Golden Circle's fresh start

The appointment of a new MD will begin the fruit canner’s resurrection.

Golden Circle, the struggling fruit canner and juice maker that’s been at the centre of a complicated and tortuous takeover battle, will appoint a new managing director today or tomorrow after control passed to Phil Cave’s Anchorage Capital last week.

In many ways this deal is Wesfarmers/Coles writ small.

Shareholders last week approved a recapitalisation plan that gave Anchorage 35 per cent of the company, rebuffing higher-priced bids from Coca-Cola Amatil and Peter Brooks’ P&N Industries and thwarting the efforts of corporate raider and 6 per cent shareholder Peter Yunghanns to stop the deal going ahead.

It has been an interesting and instructive transaction: Cave and his investors got control for 80c a share – at least 20c less than the full cash alternatives – because they offered the hope of redemption and victory to the growers who own Golden Circle. And farmers are nothing if not optimists.

Coke and P&N can’t really believe it. They plan to keep talking to the board to try to get a full sale, but they can probably save their breath – it will be at least 18 months before Phil Cave and chairman Ern Pope, who has been manfully running the business as executive chairman for the past nine months, look for buyers, or perhaps a public float.

Today’s appointment of a chief executive will be the start of the turnaround of this iconic Australian food brand.

But perhaps the most interesting aspect of this story is the Babcock & Brown convertible note that was the seat of Golden Circle’s problems.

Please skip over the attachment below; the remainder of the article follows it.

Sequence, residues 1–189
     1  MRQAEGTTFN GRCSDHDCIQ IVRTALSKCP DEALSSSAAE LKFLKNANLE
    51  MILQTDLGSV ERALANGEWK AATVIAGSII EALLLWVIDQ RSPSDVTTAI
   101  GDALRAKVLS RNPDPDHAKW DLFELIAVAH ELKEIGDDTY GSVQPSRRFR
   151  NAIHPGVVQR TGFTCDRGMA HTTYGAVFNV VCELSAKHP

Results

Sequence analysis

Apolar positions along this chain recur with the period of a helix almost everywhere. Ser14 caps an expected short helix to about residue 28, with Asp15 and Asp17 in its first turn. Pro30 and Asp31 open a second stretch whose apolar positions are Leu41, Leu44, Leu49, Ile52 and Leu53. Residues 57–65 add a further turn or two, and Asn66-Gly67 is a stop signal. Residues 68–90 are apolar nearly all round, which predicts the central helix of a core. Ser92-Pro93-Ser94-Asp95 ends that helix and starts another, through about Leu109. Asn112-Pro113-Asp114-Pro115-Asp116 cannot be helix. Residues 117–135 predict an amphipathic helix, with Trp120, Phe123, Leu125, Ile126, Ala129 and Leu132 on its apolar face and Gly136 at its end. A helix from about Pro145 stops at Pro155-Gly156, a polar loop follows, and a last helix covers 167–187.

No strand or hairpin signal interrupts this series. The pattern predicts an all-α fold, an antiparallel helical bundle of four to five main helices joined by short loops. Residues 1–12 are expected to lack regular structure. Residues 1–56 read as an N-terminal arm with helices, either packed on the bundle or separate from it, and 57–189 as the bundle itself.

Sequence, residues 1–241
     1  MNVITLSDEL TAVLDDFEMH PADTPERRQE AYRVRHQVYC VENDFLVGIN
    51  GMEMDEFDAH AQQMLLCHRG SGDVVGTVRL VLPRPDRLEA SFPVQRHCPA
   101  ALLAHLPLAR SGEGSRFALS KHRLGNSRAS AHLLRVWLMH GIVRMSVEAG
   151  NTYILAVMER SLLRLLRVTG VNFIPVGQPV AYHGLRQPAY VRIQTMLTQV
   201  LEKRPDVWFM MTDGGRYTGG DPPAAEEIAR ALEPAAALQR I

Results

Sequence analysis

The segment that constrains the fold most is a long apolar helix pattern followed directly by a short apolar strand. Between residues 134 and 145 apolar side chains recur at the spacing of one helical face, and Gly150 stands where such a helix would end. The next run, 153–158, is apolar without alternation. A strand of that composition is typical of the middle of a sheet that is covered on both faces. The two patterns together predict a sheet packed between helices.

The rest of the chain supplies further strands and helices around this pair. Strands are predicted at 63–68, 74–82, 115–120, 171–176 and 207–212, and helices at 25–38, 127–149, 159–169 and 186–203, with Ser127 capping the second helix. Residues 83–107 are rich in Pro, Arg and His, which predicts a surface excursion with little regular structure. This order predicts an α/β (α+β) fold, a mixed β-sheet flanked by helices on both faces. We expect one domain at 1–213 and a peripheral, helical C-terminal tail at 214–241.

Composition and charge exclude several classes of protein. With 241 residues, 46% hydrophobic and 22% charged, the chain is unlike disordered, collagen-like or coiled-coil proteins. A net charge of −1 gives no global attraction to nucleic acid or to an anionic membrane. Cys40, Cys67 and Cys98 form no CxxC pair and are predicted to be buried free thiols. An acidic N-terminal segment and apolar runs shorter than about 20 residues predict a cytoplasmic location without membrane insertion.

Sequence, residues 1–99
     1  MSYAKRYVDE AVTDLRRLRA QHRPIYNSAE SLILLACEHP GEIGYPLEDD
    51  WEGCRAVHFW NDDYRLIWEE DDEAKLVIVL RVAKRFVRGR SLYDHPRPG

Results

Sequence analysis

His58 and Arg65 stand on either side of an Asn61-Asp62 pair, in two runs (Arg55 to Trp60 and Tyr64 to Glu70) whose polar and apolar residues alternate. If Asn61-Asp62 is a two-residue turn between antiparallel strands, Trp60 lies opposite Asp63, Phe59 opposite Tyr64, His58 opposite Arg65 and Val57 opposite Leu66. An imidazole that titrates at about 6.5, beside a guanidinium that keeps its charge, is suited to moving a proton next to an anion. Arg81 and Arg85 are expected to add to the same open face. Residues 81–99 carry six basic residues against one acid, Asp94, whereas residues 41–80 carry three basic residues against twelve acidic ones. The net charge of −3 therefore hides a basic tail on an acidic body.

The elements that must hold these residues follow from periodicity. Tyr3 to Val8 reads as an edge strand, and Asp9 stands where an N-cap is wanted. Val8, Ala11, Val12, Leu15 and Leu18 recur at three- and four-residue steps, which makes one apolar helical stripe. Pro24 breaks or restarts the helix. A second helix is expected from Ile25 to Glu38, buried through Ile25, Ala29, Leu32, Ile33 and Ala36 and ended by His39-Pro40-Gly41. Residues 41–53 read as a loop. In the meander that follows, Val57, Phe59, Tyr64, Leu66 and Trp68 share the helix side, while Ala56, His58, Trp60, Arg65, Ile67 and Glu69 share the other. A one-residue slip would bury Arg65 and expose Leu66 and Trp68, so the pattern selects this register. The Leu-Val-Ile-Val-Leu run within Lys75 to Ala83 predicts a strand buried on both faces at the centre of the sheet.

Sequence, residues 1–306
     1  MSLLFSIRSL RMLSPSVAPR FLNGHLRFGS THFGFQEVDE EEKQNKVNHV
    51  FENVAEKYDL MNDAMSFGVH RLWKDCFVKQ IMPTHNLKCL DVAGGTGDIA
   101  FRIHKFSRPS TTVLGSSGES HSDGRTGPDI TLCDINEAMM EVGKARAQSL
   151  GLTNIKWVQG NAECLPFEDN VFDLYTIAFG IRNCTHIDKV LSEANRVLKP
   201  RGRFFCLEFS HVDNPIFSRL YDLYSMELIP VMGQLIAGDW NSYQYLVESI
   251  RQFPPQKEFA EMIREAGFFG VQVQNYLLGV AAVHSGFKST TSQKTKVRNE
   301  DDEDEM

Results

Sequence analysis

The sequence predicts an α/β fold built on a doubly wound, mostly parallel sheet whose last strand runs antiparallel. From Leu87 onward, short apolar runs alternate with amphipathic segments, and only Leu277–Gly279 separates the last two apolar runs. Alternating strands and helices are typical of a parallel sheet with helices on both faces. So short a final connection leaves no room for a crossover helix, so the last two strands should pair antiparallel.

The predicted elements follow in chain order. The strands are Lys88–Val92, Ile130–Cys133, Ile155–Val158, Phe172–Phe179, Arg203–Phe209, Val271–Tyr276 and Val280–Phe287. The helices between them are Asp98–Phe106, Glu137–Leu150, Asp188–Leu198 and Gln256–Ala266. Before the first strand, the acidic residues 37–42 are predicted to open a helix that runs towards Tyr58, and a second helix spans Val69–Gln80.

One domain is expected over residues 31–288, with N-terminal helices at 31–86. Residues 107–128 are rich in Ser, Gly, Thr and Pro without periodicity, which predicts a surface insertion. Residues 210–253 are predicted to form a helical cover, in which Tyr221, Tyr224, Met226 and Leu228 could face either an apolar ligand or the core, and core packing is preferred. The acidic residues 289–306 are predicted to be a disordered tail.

Two years ago, the company needed cash for expansion. Instead of raising new equity, because they did not want to be diluted, the grower/shareholders instead turned to Babcock & Brown.

"Come in, come in,” said the smiling chaps from B&B and offered to provide $50 million in return for three-year convertible notes and 21 per cent per annum interest. That’s right 21 per cent.

The Golden Circle farmers then proceeded to reinforce all the stereotypes about country bumpkins by accepting that deal from the city suits. They could have borrowed money at half that rate almost anywhere else.

The interest helped cripple the company and the looming conversion of the notes to a controlling equity stake next year backed an increasingly frantic board of directors into a corner.

Step up another city suit named Phil Cave. He did a smart thing before talking to the board about his idea of a recapitalisation and a controlling equity stake: he bought an option over B&B’s convertible notes. That meant he effectively had his foot on the business.

Meanwhile, Golden Circle has a 10-hectare block of vacant land next to its factory near Brisbane airport, called the "army land” (it used to be owned by the army). That has been put on the market for $35 million and Ern Pope and the board are now working through several bids.

Cave arranged bridging finance of $35 million against that land sales and last week paid $35 million for 35 per cent of the company. That money went straight to B&B to pay off the loan.

In addition, GE Capital has provided a new debt facility of $120 million, most of which has been drawn down to repay other debt. The interest rate? Two per cent over bank bills, or about 9 per cent.

The interest saving is $7 million per annum, which is more than the entire net profit of the company last year.

The growers ended up being diluted, but at least Phil Cave is working with them to turn the business around rather than just taking it off them.

Follow @AlanKohler on Twitter

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